St. Paul’s new neighborhood safety director leaves Metro Transit under cloud

Brooke Blakey, Director of the Saint Paul Office of Neighborhood Safety (City of Saint Paul / Supplied)

St. Paul’s new director of Neighborhood Safety, Brooke Blakey, is leaving her former employer, Metro Transit Police, under a cloud of suspicion.

Blakey, the former Chief of Staff for Metro Transit Police, had been the subject of an internal investigation for several months.

FOX 9 reported in August that Blakey and an unidentified sergeant had been put on administrative leave at Metro Transit Police, pending an investigation into their activities with a volunteer community program.

On Tuesday, Metro Transit Police spokesperson Howie Padilla declined to comment on the status of the internal investigation or the circumstances of Blakey’s departure.

"Metro Transit and the Metropolitan Council are not at this time commenting on Blakey’s employment status today except to say that she is not an employee of the Metro Transit Police Department," Padilla wrote in an email.

On Monday, Mayor Melvin Carter appointed Blakey as the director of St. Paul’s new Office of Neighborhood Safety, a key part of the city’s ‘Community-First Public Safety’ approach.

In announcing his new appointment, Carter said in a press release, "Brooke Blakey’s career of public service will be invaluable as she engages in this new role and supports our work to realize safer outcomes in every neighborhood."

Her first day as director will be February 28.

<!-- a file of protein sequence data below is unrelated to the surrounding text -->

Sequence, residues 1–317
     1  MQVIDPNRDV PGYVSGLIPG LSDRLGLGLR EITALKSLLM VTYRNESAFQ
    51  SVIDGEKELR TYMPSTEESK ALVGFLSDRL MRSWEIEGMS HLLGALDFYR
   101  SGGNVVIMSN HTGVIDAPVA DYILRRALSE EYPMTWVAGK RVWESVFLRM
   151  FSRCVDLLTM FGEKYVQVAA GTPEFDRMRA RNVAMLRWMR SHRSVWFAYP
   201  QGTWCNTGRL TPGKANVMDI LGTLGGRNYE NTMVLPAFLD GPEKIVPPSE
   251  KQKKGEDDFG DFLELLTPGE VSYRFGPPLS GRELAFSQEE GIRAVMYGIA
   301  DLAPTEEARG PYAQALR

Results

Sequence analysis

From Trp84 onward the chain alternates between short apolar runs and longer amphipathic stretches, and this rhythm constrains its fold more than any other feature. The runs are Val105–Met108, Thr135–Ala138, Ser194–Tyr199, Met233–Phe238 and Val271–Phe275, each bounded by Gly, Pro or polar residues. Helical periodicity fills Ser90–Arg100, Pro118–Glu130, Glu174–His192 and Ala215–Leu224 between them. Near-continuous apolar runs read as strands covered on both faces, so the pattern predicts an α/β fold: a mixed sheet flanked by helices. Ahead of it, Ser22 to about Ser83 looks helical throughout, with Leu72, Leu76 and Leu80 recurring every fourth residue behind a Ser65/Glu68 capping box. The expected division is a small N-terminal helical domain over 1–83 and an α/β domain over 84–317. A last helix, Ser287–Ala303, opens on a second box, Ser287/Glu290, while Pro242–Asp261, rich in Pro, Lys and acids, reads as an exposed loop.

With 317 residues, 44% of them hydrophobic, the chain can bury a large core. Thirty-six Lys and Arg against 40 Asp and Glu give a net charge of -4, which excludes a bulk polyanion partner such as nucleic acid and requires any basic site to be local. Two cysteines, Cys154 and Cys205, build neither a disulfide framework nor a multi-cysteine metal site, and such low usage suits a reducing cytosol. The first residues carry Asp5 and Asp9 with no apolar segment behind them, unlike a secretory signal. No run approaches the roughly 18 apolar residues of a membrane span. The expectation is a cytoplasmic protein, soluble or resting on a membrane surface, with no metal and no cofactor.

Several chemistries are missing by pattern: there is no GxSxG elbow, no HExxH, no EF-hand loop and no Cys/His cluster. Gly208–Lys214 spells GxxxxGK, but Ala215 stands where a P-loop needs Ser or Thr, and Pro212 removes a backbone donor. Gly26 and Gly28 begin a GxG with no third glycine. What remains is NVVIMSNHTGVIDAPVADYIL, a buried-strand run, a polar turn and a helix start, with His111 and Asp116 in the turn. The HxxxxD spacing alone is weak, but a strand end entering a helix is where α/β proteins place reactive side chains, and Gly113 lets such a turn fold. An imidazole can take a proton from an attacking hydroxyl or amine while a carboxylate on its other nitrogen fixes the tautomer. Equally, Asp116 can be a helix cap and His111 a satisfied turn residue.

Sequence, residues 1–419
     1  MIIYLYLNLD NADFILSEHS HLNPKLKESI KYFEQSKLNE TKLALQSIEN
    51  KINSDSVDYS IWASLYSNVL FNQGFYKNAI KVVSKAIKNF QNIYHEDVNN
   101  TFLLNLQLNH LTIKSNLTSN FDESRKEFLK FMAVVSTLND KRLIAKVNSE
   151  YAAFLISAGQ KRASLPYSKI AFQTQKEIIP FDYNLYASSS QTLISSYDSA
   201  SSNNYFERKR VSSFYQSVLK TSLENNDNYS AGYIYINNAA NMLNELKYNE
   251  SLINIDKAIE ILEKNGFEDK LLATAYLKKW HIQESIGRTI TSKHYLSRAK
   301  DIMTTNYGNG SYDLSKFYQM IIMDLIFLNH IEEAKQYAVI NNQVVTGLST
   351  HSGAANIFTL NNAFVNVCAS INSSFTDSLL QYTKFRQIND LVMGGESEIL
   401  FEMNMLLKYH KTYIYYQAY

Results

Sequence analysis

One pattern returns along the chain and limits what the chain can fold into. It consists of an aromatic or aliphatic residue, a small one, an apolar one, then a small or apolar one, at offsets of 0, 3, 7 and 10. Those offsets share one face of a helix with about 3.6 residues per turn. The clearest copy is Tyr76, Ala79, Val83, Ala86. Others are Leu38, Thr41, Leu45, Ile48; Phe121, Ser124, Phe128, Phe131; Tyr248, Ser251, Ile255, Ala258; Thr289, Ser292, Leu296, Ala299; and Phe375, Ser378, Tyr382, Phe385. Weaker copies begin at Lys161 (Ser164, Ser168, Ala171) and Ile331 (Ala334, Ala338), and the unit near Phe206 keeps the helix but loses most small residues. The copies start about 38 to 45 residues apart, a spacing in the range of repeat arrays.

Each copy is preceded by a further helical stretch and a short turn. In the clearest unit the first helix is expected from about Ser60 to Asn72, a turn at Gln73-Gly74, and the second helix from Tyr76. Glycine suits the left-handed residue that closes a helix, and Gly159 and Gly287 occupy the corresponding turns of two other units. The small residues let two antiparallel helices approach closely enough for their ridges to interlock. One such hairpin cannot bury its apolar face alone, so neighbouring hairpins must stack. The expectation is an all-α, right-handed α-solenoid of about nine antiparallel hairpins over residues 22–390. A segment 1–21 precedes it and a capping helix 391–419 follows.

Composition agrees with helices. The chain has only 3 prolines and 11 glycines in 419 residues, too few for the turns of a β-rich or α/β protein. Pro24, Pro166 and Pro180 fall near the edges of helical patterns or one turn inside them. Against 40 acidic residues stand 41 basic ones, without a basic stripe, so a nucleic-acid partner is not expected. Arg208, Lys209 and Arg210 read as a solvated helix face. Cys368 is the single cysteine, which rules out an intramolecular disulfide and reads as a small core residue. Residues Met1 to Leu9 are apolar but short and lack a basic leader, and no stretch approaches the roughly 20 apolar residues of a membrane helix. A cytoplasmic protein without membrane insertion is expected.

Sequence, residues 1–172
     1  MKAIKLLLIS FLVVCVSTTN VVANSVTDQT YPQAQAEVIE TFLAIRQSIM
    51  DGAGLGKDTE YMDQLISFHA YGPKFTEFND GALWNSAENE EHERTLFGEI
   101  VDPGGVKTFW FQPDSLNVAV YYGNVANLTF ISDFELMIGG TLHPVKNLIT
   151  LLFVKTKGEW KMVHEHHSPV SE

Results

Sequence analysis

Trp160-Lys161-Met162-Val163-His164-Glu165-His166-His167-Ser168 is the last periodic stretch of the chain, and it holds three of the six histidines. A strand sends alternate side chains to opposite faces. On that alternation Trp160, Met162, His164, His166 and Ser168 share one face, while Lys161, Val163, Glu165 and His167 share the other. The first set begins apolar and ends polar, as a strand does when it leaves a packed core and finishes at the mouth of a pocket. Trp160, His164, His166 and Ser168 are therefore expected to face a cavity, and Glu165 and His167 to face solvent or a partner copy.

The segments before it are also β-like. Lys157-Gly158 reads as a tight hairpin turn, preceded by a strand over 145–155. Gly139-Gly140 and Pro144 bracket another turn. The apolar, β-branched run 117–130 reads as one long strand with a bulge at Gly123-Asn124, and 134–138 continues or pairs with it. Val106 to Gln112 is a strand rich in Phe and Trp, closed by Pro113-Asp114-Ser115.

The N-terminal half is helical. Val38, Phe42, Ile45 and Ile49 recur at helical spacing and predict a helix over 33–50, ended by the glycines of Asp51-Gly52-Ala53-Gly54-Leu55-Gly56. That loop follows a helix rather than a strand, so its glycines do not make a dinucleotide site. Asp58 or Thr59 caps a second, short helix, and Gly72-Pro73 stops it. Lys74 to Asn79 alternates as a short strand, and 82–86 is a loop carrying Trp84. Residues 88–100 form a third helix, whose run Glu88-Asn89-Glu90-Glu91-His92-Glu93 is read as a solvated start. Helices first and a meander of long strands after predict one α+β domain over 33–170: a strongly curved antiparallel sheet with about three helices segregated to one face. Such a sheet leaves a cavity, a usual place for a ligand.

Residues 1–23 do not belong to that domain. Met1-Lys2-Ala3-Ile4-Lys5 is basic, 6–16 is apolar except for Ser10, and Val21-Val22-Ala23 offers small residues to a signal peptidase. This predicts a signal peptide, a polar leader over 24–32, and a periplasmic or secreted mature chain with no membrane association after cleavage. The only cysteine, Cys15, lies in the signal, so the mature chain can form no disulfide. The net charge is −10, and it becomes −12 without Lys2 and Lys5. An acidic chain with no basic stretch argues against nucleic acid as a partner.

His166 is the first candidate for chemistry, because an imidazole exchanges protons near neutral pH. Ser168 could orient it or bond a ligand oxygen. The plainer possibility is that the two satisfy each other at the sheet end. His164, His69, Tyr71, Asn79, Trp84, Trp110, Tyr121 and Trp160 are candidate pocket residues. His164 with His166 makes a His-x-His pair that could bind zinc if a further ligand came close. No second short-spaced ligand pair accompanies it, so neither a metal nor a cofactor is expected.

During her career with Metro Transit Police, Capt. Blakey served as Chief of Staff to Metro Transit Police Chief Eddie Frizell. In November, President Biden nominated Frizell to serve as U.S. Marshall for the District of Minnesota.  He still awaits confirmation by the U.S. Senate.

At Metro Transit Police, Blakey oversaw operations, investigations, administration, and community outreach.  She also developed the department’s Homeless Action Team (HAT).

It is not uncommon for public employees to resign while an investigation is pending.  It exploits a loophole in the State’s public records law, Minnesota Data Practices, because if an employee resigns before discipline is sustained, it is not considered public.

But in Blakey’s case, because of her supervisory role, she could likely be considered a "public official" as it's defined in statute.

Under state law, "if a public official resigns or is terminated from employment while the complaint or charge is pending, all data relating to the complaint or charge are public, unless access to the data would jeopardize an active investigation or reveal confidential sources." (Minnesota Statute 13.43 Subd. 2(e)).

Blakey is a lifelong St. Paul resident.  Her father, Art Blakey, was the long-time Minnesota State Fair Chief of Police, who died in 2018.

FOX 9 has reached out to Blakey and Mayor Carter and is awaiting a response.